Hyperglycemia as a Complication of COVID 19: An Observational Study


  • Hala Bashir Hashmi Department of Community Medicine, Quaid-e-Azam Medical College, Bahawalpur.
  • Humera Mubeen Afzal Senior Registrar Medicine, Avicenna Medical College, Lahore
  • Sami Ahmad Assistant Professor Pulmonology Department, QAMC, Bahawalpur
  • Javaria Aslam Assistant Professor Medicine Department, QAMC, Bahawalpur
  • Attiqa Khalid Associate Professor Physiology Department, LMDC, Lahore
  • Ayesha Siddiqa Assistant professor Pathology Department, PIMS. Islamabad




COVID 19, Complication, Admission Hyperglycemia, : Cardiovascular Diseases, Cancer, Diabetes, Chronic Airway Diseases


Background: Hyperglycemia has got a bidirectional importance in COVID 19, on one end it causes aberrant glycation of ACE receptors in the lungs causing more severe disease and on the other end it may occur as a result of complications of the disease itself.

Objectives: To determine whether hyperglycemia is a complication of COVID-19.

Methods: A cross-sectional observational study was conducted on 126 admitted, moderate to severe COVID-19 patients, to observe new-onset hyperglycemia in relation to their previous glycemic control (glycated hemoglobin levels HbA1c). Blood sugar random (BSR) noted at time of admission was taken as the dependent variable and HbA1c, body mass index and severity of disease as independent variables to find out association. Patients who were known diabetic and already taking steroids were excluded from study.

Results: A total of 126 patients (66 male and 60 female) included in the study with a mean age 56.9 yrs. ± 11.8. Based on admission HbA1c, 71(56.4%) patients were non-diabetic, 35(27.7%) pre-diabetic, and 20(15·9%) were diabetic. Initial random blood sugar revealed overall 31(24.6%) patients had normoglycemia, while 95(75.4%) had hyperglycemia, more precisely 67(53.2%) had moderate and 28 (22.2%) had severe hyperglycemia. Hyperglycemia was observed among 9 out of 12 (75%) patients from 20-39 years age group, 51 out of 61 (83%) patients from 40-59 years age group and 35 out of 53 (66%) from 60-75 years age group. Eighty percent male and 76% female had hyperglycemia. Nineteen (15%) were of normal weight, 79 (62.8%) overweight and 28 (22·2%) were obese. The moderate and severe hyperglycemia for 95(75%) patients showed that 49(51·6%) had non-diabetic HbA1c, 27(28·4%) had prediabetes HbA1c and 19 (20%) had diabetic range HbA1c. Further linear association was determined between BSR and HbA1c, p<0•001. Among 31 normoglycemic patients it was found that 13(41.9%) patient were of normal weight, 17(54.8%) patients were overweight and one (3.3%) patients was obese. Moreover, Body Mass Index (BMI) and severity of disease were found to have significant association with new onset hyperglycemia with P <0∙001 and P=0∙01 respectively.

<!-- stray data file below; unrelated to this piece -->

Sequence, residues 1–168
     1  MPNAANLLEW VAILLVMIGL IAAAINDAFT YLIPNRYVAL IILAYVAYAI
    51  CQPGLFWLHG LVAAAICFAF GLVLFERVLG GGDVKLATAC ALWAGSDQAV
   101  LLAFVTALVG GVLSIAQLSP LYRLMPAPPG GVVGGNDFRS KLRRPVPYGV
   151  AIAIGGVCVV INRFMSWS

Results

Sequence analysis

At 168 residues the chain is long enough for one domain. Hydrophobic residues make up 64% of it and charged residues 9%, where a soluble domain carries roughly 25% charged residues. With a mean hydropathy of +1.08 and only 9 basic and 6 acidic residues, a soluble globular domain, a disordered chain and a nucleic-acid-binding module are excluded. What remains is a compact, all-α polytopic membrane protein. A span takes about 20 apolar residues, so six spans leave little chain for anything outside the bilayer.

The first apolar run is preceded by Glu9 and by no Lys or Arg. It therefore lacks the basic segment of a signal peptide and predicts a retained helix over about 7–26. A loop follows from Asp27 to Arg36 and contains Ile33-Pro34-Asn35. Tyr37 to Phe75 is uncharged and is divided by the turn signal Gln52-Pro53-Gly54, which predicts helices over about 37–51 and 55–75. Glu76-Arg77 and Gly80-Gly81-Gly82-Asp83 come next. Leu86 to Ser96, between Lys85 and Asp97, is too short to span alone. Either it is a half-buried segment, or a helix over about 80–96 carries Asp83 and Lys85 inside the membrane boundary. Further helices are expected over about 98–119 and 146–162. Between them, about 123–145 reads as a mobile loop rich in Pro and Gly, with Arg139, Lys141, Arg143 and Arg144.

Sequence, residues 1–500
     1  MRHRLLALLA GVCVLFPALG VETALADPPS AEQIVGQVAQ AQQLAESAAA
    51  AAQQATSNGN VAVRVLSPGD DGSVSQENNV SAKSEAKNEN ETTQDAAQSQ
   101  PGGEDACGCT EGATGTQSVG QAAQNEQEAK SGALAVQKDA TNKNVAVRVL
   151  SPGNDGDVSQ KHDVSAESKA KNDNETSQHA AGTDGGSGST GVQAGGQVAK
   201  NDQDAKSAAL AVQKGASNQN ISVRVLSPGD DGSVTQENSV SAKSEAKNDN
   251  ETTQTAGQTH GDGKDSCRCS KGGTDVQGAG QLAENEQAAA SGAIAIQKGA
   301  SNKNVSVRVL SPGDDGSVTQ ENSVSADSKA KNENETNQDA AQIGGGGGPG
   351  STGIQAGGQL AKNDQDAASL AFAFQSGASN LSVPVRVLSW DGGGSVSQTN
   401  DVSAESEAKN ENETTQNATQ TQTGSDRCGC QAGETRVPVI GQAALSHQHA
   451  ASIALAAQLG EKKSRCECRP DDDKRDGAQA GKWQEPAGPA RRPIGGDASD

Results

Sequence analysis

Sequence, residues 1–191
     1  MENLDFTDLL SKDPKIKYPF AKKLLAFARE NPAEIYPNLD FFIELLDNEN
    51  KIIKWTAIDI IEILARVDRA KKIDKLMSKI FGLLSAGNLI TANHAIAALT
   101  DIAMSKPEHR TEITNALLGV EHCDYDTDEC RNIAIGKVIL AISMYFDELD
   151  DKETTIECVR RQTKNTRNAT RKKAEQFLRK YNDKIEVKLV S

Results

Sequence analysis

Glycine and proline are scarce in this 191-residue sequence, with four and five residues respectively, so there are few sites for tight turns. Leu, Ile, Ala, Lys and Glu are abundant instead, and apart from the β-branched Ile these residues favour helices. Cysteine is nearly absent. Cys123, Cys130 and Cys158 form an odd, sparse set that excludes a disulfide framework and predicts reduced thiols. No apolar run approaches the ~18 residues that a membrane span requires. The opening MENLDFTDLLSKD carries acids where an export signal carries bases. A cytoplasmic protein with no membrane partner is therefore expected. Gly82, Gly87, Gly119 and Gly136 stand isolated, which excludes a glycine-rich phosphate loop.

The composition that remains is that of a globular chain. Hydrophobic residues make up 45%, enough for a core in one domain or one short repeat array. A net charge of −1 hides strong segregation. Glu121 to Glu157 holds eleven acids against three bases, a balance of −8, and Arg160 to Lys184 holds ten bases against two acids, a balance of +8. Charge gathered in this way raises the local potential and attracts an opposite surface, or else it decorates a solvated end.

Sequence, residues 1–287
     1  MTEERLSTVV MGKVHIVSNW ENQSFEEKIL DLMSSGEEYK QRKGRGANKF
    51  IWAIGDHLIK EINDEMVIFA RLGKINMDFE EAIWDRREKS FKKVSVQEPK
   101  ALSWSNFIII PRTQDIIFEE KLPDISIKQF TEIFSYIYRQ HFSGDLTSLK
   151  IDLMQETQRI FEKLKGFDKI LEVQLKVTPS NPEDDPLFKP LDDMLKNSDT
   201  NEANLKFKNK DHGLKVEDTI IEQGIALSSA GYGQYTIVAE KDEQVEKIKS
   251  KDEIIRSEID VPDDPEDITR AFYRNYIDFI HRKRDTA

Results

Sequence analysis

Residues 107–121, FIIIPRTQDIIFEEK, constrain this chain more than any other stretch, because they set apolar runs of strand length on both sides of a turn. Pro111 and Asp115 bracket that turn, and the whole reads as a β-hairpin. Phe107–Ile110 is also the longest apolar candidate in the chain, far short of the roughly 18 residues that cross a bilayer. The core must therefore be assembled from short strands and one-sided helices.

Conclusion: There is an association between new-onset hyperglycemia and moderate to severe COVID-19 disease.  Follow-up studies are required to prove the diabetogenic effect of COVID 19.